Getting Ready: Center a rack in the oven and preheat the oven to 325 degrees F. Place tart pan on baking sheet lined with parchment or silicone mat.

Slice whole lemon in half and pull out seeds from it and the half. Then cut lemons into small pieces.

Filling is best made in a blender, but you can use a food processor. Take care to work ingredients until they are smooth and to scrape down sides of bowl often. Put lemons and sugar in blender or processor and pulse, blend and scrape down sides until you have smooth mix. Add remaining filling ingredients and pulse and blend until filling is homogeneous. Rap bowl on counter several times to de-bubble filling as much as possible, and pour it into partially baked crust.

Very carefully--tart shell will be full--transfer baking sheet to oven. Bake 20 minutes, then increase oven temp to 350 degrees F and bake tart for an additional 25 to 30 minutes. (total time is 45 to 50 minutes). Don't be alarmed when filling starts to bubble up. (It might even bubble over edge of tart--that's okay.) When tart is properly baked, it shuld be set, although perhaps still shaky in center, and most of top will have formed a light sugary crust.

Transfer tart pan to cooling rack and let cool to room temperature. Chill, if you'd like, before serving with cream or dusting of confectioners' sugar.

I used her sweet crust pastry recipe that I love to bits~

The dough..

La Recette~

Sweet Tart Dough (Pâte Sablée)
From Dorie Greenspan's Baking: From My Home To Yours

1 1/2 cups all-purpose flour
1/2 cup confectioner's sugar (powdered sugar)
1/4 tsp. salt
1 stick plus 1 tablespoon (9 tablespoons) very cold (or frozen) unsalted butter, cut into small pieces
1 large egg yolk

Put the flour, confectioners' sugar and salt in a food processor and pulse a couple of times to combine.

Scatter the pieces of butter over the dry ingredients and pulse until the butter is coarsely cut in--you should have some pieces the size of oatmeal flakes and some the size of peas.
Stir the yolk, just to break it up, and add it a little at a time, pulsing after each addition. When the egg is in, process in long pulses--about 10 seconds each--until the dough, whisk will look granular soon after the egg is added, forms clumps and curds.
Just before you reach this stage, the sound of the machine working the dough will change--heads up.
Turn the dough out onto a work surface and , very lightly and sparingly, knead the dough just to incorporate any dry ingredients that might have escaped mixing.
To press the dough into the pan: Butter a 9-inch fluted tart pan with a removable bottom. Press the dough evenly over the bottom and up the sides of the pan, using all but one little piece of dough, which you should save in the refrigerator to patch any cracks after the crust is baked.
Don't be too heavy-handed--press the crust in so that the edges of the pieces cling to one another, but not so hard that the crust loses its crumbly texture. Freeze the crust for at least 30 minutes, preferably longer, before baking.

To partially or fully bake the crust: Center a rack in the oven and preheat the oven to 375 degrees F.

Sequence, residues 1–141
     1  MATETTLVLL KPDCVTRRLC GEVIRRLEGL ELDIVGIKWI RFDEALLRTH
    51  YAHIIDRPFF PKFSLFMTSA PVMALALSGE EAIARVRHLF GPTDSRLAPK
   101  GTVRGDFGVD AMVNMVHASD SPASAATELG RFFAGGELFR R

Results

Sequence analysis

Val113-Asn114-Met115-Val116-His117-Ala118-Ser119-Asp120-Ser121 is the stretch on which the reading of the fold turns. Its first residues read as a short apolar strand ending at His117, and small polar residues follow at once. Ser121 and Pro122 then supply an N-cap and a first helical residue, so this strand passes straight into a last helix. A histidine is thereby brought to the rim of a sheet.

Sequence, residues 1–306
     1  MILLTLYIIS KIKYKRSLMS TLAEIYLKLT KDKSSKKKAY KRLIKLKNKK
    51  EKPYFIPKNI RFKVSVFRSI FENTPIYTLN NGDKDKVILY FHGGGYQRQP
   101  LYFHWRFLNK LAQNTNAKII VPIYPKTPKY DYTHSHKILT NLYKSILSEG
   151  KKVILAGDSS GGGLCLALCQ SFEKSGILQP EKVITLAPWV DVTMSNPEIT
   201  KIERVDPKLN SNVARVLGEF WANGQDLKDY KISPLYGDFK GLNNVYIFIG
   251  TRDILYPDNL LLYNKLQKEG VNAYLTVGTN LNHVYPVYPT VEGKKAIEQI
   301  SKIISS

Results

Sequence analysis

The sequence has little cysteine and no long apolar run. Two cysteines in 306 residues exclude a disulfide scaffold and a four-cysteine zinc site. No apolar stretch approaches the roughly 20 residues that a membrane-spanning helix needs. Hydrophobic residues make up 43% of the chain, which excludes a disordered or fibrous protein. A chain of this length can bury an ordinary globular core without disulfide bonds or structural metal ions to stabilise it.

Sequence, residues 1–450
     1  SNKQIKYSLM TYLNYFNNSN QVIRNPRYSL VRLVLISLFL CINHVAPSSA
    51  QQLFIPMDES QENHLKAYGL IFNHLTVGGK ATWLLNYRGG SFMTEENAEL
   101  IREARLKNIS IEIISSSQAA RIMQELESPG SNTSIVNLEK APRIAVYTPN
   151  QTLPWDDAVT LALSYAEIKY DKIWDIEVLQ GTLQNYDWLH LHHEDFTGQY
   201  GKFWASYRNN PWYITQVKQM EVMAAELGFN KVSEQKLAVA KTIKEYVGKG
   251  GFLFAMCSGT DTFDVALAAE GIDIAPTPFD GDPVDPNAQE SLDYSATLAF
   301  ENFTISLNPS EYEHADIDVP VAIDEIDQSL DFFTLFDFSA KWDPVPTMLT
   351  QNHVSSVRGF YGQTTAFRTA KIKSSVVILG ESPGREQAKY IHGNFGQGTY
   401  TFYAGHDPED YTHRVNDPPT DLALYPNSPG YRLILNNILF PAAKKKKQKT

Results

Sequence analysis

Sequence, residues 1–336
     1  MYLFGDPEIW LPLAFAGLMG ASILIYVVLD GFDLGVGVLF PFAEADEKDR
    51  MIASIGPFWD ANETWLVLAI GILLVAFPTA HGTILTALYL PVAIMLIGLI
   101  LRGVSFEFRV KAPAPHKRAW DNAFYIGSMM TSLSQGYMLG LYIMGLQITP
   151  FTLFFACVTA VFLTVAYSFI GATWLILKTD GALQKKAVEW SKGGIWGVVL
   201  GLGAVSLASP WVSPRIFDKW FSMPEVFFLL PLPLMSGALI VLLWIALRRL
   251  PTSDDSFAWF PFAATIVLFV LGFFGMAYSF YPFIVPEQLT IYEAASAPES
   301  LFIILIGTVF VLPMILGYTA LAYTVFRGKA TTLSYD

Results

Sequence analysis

Butter the shiny side of a piece of aluminum foil and fit the foil, buttered side down, tightly against the crust.
(Since you froze the crust, you can bake it without weights.) Put the tart pan on a baking sheet to bake the crust for 25 minutes. Carefully remove the foil. If the crust has puffed, press it down gently with the back of a spoon. For a partially baked crust, patch the crust if necessary, then transfer the crust to a cooking rack (keep it in is pan).

To fully bake the crust: Bake for another 8 minutes or so, or until it is firm and golden brown. (Keep a close eye on the crust's progress--it can go from golden to way too dark in a flash). Transfer the tart pan to a rack and cool the crust to room temperature before filling.

To patch a partially or fully baked crust, if necessary: If there are any cracks in the baked crust, patch them with some of the reserved raw dough as soon as you remove the foil. Slice off a thin piece of the dough, place it over the crack, moisten the edges and very gently smooth the edges into the baked crust. If the tart will not be baked again with its filling, bake for another 2 minutes or so, just to that the rawness off the patch.

Storing: Well wrapped, the dough can be kept in the refrigerator for up to 5 days or frozen up to 2 months. While the fully baked crust can be packed airtight and frozen for up to 2 months I (Dorie), prefer to freeze the unbaked crust in the pan and bake it directly from the freezer--it has the fresher flavor. Just add about 5 minutes to the baking time.

And Voilà~ C'est tout!
P.S. The tea service/set was also my mom's~Perhaps even my grandmother's~
When people leave too does the history~

Silver is a lot of work.. wether silver plated or real..
You have to polish a few times a year..
I have never not liked this attention to these pieces and the work my hands do to keep the pieces part of my history..

I actually think dearly of my mom..when I hold and polish the same pieces she once held and polished..
Routines like this are soothing to the soul..and lead to calmness..and memories~

Monday, March 14, 2011

Soul Food #81~

A different kind of soul food~How nice was this?

My husband saw a program with someone making poached eggs..the right way w/ vinegar etc..

One Tuesday.. he said why don't I make us some for lunch..

And now here is my secret, a very simple secret; it is only with the heart that one can see rightly, what is essential is invisible to the eye.
Antoine de Saint-Exupery

Funnily enough..I find this quote suits this soul food:)

He made them perfectly..he picked the plates..did the plating.. All I did was take a few photos and enjoy.
What a lovely little pretty delicious treat.See why I say they are the best?

Thursday, March 10, 2011

Bon Appétit and Bonne Fête~

I do..I love my daughters To The Moon And Back~

One of them ..just turned 34.. our youngest~